I had dreaded going to work Tuesday.
It was my last day at The Dallas Morning News after 27 years as a reporter. Even though I was leaving voluntarily, I knew it would be emotional walking the halls for the last time.
I had no idea how emotional.
On my way into the HR office to turn in my laptop and ID, a colleague was walking out.
“Hey, what are you doing here?” I asked.
“Getting laid off,” he said.
“What!” I exclaimed.
Turns out, the day I left was the day almost 40 reporters, editors and clerks got terminated in the latest round of layoffs.
I could have been one of the casualties if I hadn’t beaten the company to the punch and turned in my resignation two weeks earlier.
My relief at leaving on my own terms was dampened by the agony of seeing good people get the boot.
I suspected another round of layoffs was coming when I resigned. In fact, I mentioned it yesterday when I talked about my departure.
“You can only dodge the layoff bullet for so long, that’s my view,” I wrote. “ If I didn’t get laid off now, I probably would later.”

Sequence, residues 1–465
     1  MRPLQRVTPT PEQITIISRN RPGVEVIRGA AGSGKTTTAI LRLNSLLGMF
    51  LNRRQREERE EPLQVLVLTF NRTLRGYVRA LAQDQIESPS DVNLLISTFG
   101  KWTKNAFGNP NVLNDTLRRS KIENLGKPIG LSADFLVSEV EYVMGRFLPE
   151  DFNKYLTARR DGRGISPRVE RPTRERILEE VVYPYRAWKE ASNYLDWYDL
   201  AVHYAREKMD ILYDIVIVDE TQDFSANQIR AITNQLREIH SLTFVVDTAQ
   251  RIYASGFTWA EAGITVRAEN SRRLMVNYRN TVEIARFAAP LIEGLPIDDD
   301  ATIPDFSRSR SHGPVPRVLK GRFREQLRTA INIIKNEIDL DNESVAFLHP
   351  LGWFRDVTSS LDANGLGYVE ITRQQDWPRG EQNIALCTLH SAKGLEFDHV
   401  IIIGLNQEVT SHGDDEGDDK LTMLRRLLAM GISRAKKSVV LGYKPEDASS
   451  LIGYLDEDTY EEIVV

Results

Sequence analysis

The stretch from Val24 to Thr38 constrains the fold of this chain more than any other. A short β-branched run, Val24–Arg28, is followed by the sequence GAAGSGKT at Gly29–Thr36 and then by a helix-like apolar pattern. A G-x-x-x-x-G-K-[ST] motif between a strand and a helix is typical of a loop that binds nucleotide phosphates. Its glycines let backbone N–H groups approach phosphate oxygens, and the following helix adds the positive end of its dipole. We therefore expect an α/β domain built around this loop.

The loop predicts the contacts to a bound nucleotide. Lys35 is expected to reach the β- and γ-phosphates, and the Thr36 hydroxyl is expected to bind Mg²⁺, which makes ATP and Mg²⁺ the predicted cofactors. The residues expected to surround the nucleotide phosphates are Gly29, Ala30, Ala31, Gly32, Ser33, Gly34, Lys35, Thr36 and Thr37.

Those words are eerie, reading them now.
Would I have been part of the layoffs too? I’ll never know. But I think there was a very good chance.
I had survived five rounds of layoffs as the newspaper industry has taken an irreversible nosedive. My luck was bound to run out eventually.
As I left the building today, I saw another friend. He was headed to HR to get laid off. Others would follow throughout the day, like sheep to the slaughter.
I’m angry, sickened, relieved and grateful – all at the same time. I’m like a person who survives a fatal plane crash while many around him die.
I don’t know.
Unlike many of the layoff victims, I have a landing place: Single Dad House. The time and energy I poured into a large corporation for more than half my life, now I’ll pour into my small business of one.
I hope the site succeeds. I have no way of knowing.
But I know this: My timing in leaving The Dallas Morning News couldn’t have been better.